Healthy tomatoes at stake
I learned over the years that a good tomato staking system is hard to come by. No matter what brand or style I bought, nothing seemed to fit. Some were so small the tomato plants crushed them. Others were so large they wouldn’t work in container gardening. I always ended up with something makeshift. I recently started using a tough adjustable system and I never looked back. They can be arranged in almost any manner you can think of and they are reasonably priced.
Tomatoes need food too
I feed my plants once per week using the same irrigation system I supply tap water with. This is another reason that I use 45 gallon containers. By feeding once per week I needed to make sure the container held enough food in the potting mix to last until the next feed. It also helps keep the cost down by not using fertilizer every time I water. When fertilizing I use a 45 gallon barrel to hold my mixture. I disconnect the main irrigation line from the spigot and irrigation cycle timer and I connect the system to a sump pump in the barrel to deliver it.
Everything I chose to install was selected to be as trouble free and convenient as possible. I selected emitters that won’t clog very easily and can be replaced “on the fly” if need be. I also added shutoff valves in various sections of the main irrigation line so that I could cut the supply of water to any particular area required. This allows you to supply specific batches of fertilizer to specific plants with ease. My system’s flexibility allows me to handle large amounts of work unassisted. The weekly feeding process was taking about an hour and a half to do manually with a watering wand. With the system in place now it takes about 20 minutes from start to finish. I was using about 135 gallons of fertilizer mix weekly to feed everything manually. With the automated system in place I’ve reduced that to 70 gallons or less.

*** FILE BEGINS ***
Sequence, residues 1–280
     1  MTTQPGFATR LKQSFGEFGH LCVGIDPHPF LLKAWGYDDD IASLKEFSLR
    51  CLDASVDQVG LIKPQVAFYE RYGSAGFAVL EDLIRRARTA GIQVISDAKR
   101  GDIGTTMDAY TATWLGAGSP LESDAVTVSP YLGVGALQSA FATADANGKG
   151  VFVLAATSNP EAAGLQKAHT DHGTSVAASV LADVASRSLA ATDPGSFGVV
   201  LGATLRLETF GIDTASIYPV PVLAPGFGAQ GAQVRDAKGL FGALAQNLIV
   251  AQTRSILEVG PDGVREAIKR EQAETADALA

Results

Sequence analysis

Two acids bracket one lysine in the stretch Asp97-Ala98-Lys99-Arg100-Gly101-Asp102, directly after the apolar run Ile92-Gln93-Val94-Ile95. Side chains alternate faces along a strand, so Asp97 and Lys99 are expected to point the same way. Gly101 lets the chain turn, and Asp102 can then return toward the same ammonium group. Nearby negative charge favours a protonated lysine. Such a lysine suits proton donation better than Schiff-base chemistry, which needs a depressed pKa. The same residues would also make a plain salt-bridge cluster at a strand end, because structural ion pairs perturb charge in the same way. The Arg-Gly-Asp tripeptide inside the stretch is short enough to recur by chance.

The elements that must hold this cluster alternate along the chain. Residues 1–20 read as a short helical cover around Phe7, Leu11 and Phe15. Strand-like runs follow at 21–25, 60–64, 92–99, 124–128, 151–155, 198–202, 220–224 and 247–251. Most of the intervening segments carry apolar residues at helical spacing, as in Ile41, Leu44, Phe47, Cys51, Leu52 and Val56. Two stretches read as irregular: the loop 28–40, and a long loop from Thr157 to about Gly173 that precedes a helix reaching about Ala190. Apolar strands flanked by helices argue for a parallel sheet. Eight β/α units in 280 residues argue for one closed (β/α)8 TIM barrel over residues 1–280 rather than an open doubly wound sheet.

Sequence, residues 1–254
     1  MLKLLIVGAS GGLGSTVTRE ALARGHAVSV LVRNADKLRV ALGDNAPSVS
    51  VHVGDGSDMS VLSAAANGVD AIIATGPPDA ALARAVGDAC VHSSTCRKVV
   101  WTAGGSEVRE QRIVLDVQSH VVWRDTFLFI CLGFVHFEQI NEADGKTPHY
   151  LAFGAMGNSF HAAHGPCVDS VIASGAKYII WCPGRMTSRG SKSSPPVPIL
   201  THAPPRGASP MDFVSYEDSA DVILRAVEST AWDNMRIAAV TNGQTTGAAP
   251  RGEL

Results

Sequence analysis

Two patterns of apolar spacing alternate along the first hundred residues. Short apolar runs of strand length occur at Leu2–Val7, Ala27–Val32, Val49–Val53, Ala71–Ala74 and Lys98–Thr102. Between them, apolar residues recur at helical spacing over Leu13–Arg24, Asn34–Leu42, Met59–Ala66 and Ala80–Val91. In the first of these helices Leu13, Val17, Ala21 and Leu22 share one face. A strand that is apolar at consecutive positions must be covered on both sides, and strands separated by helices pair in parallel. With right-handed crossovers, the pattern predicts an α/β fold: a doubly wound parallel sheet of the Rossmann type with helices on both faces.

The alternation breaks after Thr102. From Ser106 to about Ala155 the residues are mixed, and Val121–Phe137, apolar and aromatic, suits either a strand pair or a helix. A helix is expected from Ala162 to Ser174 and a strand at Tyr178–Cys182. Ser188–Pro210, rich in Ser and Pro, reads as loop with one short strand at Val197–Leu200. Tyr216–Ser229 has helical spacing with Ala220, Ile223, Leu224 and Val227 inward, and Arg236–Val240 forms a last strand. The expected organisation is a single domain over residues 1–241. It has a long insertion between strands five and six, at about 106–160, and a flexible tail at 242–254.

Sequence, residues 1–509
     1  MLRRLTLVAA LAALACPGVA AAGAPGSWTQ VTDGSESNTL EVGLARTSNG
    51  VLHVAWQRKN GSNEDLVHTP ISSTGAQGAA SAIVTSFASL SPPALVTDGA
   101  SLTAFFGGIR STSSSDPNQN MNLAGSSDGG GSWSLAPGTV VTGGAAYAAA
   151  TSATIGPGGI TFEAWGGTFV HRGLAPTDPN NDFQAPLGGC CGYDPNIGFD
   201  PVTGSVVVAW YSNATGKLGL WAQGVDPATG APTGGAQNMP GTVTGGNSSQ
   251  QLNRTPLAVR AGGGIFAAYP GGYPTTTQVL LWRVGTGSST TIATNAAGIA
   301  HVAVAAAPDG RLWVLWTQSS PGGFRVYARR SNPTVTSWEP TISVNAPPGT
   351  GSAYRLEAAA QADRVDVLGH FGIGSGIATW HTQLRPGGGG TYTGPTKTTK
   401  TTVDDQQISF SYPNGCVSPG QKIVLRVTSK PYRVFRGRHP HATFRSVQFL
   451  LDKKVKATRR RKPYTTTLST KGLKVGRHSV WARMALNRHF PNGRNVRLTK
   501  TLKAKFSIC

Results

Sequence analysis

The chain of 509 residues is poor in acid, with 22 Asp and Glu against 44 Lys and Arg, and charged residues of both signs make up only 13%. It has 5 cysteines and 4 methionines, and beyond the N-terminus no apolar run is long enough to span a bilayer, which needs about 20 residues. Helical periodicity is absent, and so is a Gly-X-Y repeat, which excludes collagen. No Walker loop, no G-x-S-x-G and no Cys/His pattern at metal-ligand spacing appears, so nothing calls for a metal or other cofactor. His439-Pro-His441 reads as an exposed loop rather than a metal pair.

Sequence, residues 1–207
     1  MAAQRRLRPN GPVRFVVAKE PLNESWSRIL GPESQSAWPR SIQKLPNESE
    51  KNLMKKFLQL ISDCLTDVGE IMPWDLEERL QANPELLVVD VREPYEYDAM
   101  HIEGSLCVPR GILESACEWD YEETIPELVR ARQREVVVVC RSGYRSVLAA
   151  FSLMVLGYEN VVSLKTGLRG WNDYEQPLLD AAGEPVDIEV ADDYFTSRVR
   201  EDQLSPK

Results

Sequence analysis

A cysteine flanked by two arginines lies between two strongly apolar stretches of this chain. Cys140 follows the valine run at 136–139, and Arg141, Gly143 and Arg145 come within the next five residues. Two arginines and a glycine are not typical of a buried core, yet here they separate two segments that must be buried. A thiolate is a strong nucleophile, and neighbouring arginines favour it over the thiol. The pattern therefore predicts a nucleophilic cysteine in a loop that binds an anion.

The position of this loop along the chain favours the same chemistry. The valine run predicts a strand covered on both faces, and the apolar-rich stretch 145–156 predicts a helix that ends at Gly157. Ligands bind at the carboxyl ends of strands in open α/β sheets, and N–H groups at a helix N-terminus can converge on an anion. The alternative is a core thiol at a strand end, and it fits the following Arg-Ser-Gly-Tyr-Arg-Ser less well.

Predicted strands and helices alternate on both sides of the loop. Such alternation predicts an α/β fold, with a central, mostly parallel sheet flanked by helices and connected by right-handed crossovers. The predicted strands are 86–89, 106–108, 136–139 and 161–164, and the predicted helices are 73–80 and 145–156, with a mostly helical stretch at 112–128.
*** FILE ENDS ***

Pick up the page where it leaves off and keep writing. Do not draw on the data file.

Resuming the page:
Heirlooms for better flavor
I grow several heirloom varieties of tomatoes. Another thing I learned from my family is that heirloom varieties taste better. Some of them are finicky, but are well worth the effort. I grow some early producing varieties like Oregon Spring and Early Girl so that I have something to eat while I’m waiting for the Beefsteak, Mortgage Lifters, Garden Leader Monster, Brandywine, and Black Krim to finish. I suggest trying several types in the beginning and then saving seeds from your favorites to use next year. This approach will help the plants acclimate to your location. The successive generations of tomatoes should improve slightly within a year or so. The seeds will tap into genetic information that dates back to their beginning and choose the set of parameters that best fits the next attempt at a growing season. While this is far from foolproof, it does shift the odds slightly in your favor with such a controlled system. I get to attempt to coax the best effort from the plant using a high quality plant food and supply it with the best possible root zone conditions. The key here is consistency because plants don’t respond very quickly to change. I took the time to set this system up so I could repeat the process again next year. I’ll use seeds I saved and will know that I’ll be able to replicate the conditions without much variance from the previous year. You can accomplish the same thing with one plant on a patio if you pay attention and follow a schedule.
If you’re interested in learning more about growing tomatoes, check out “Tomato: A Guide to the Pleasures of Choosing, Growing and Cooking,” which is available through any store that carries Hydrofarm products.
In part two, I’ll discuss my techniques for growing other vegetables, including corn, peppers, carrots, beans, watermelon, sunflowers and much more, with lots of photos. I’ll also offer some pest control ideas.